90. steve Arnold says

    agree with everything above- saw just about every game 1968- 1984. some do not realise just how skilful 28 was. on eastern wing one day he took an absolute speccy right in front of us. check out youtube of game at adelaide oval against port . wynne just picked up beswick and dumped him….. got 4 games…

    lucky to have a pirated copy of his testimonial dinner in 82. max basheer with live chicken raffle, bazz and pilko, mike coward, pratty, polly farmer, 28 speaking………

    so many memories of 28. leader, red and blue through and through. in these days of programmed footy, I just feel lucky to have seen 28 lead us in those great years. remember an internal trial game at glenside when 28 and phil stood each other and had a fun day. also the day he stole a football boot that had come adrift from an opponent. thanks Malcolm for the memories

  91. Eric Weltner says

    It would be fair to say that TWO EIGHT was not exactly revered by Port fans (or other opposition supporters), which is understandable – because he was not only happy to take it up physically to the opposition, there were also occasions he went out of his way to do so. But I can certainly see why Norwood fans loved him. A big presence that added leadership and a hard edge to a club that had drifted for the previous couple of decades. His role as protector would have helped those around him walk taller. Some opposition players must surely have thought twice about belting any of Norwood’s on-ball brigade knowing Wynne was capable – and certainly willing – to even up the score.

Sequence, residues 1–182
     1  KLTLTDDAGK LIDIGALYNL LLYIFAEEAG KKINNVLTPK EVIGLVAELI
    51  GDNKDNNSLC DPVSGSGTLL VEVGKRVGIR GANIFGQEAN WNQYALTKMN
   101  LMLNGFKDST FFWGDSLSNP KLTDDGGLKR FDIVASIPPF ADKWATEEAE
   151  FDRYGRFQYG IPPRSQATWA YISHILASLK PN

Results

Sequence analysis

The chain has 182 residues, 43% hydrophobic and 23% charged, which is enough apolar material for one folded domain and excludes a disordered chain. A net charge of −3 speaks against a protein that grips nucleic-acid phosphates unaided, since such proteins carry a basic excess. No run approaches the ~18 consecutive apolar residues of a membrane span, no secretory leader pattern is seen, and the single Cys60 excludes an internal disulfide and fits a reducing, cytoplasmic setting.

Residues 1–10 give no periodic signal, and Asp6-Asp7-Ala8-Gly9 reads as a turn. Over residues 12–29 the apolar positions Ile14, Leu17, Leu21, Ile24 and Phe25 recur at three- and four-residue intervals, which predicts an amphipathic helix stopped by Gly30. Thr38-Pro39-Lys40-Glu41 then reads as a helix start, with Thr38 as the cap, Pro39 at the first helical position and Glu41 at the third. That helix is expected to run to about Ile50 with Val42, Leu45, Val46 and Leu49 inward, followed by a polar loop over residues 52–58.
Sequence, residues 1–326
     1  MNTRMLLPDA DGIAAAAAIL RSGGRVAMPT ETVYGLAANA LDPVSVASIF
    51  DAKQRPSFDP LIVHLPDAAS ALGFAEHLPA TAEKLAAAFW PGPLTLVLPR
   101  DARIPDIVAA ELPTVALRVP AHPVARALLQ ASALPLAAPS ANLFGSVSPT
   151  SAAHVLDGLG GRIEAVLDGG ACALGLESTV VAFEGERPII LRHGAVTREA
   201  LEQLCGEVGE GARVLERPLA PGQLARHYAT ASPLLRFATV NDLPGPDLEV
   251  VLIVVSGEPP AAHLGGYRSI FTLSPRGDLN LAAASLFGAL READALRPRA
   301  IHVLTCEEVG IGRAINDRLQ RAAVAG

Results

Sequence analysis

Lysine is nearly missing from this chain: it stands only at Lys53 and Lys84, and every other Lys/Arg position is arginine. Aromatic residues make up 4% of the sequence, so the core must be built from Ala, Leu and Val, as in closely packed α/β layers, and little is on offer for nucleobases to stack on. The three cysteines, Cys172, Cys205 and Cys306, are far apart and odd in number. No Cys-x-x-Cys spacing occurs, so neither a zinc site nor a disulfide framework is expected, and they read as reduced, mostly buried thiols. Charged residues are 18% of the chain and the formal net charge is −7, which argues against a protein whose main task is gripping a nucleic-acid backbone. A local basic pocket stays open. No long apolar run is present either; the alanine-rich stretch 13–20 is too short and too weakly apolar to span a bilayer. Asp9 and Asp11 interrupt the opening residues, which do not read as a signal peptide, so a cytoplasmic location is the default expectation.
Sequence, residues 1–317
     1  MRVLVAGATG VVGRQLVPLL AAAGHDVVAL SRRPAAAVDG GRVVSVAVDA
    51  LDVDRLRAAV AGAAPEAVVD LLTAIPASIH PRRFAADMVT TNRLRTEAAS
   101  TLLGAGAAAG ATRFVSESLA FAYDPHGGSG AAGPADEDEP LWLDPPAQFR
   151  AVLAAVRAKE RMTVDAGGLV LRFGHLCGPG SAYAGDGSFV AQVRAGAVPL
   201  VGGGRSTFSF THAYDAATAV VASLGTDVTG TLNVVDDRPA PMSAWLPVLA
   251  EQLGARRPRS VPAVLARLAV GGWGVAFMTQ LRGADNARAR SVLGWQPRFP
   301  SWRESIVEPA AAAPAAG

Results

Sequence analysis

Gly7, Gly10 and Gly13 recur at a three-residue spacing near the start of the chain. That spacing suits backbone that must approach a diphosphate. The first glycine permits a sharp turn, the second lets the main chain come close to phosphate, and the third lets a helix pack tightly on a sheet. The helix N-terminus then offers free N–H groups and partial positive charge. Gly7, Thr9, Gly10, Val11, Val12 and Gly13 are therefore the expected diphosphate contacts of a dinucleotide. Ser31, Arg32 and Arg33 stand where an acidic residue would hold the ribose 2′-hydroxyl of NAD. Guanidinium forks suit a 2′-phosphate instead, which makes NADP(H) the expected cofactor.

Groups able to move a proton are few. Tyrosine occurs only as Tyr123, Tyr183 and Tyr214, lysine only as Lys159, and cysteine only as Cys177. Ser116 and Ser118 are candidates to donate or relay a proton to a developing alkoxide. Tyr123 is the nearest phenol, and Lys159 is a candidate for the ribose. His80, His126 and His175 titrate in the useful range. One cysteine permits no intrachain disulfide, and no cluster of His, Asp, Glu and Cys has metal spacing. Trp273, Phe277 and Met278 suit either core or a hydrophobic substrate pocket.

Port Adelaide was odds-on to win the 1980 Grand Final after a record-breaking year – but the ‘Legs certainly took it up to Port and had them somewhat rattled with their physicality in the early stages, with John Wynne leading the charge. It took that Magpies outfit, one of the best ever according to Russell Ebert, until deep into the last quarter to put a brave Norwood away.

    Sounds like he was a good bloke with a great sense of humour and a legend of your club – thanks Malcolm for giving perspective on a bloke that back in the day I loved to hate.

  92. Great read. Every person has their story and, if we knew it, we’d likely change our views of him. As an avid Port supporter, I hated no player – opposition or Port (although Robbie Muir got me close to that emotion). I respected the me like number 28…they were scary in terms of intimidation and because they were the people most likely to beat your team. Eddie Fry said to me, 28 could put on a 10 minute burst and kick 5 goals and he was brutally strong and you never knew when he was going to lose it and get overly physical. But Eddie respected the hell out of him.

  93. Greg Harderson says

    The Enforcer was an epic team man. Didn’t necessarily have the pace and skills of some of his peers but made up for it with heart.
    I remember reading somewhere that he used to often butt heads with the senior coach as well as the strategy coach about the roles they would ask him to play. He just wanted to get in there and biff someone. Oatey! The ultimate team man! Wynne!

  94. Fantastic effort mal making it hard to pick my favorite articles
    Grew up as 28 joined the red and blue
    Nearly same age as you
    Was at 75 78 gf came up from the country to watch
    78 granny locked us out of her home in urrbrae had to stay in motel she was sturt supporter and bought us the tickets

  95. Paul Harradine says